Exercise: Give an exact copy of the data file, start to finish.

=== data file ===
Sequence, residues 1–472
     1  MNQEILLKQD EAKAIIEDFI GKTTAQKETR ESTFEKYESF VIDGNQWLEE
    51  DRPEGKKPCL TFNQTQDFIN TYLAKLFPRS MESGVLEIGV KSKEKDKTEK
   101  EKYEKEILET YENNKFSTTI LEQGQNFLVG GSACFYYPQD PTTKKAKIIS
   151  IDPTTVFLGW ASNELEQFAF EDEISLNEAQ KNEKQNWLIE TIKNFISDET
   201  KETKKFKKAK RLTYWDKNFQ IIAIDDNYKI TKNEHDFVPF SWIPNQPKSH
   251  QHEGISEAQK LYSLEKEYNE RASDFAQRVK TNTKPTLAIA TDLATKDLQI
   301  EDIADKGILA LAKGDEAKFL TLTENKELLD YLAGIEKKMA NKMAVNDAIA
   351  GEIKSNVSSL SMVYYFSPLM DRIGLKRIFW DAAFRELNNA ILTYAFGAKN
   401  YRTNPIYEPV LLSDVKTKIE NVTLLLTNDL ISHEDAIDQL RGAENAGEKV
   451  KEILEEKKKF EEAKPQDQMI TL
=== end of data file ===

Sequence, residues 1–472
     1  MNQEILLKQD EAKAIIEDFI GKTTAQKETR ESTFEKYESF VIDGNQWLEE
    51  DRPEGKKPCL TFNQTQDFIN TYLAKLFPRS MESGVLEIGV KSKEKDKTEK
   101  EKYEKEILET YENNKFSTTI LEQGQNFLVG GSACFYYPQD PTTKKAKIIS
   151  IDPTTVFLGW ASNELEQFAF EDEISLNEAQ KNEKQNWLIE TIKNFISDET
   201  KETKKFKKAK RLTYWDKNFQ IIAIDDNYKI TKNEHDFVPF SWIPNQPKSH
   251  QHEGISEAQK LYSLEKEYNE RASDFAQRVK TNTKPTLAIA TDLATKDLQI
   301  EDIADKGILA LAKGDEAKFL TLTENKELLD YLAGIEKKMA NKMAVNDAIA
   351  GEIKSNVSSL SMVYYFSPLM DRIGLKRIFW DAAFRELNNA ILTYAFGAKN
   401  YRTNPIYEPV LLSDVKTKIE NVTLLLTNDL ISHEDAIDQL RGAENAGEKV
   451  KEILEEKKKF EEAKPQDQMI TL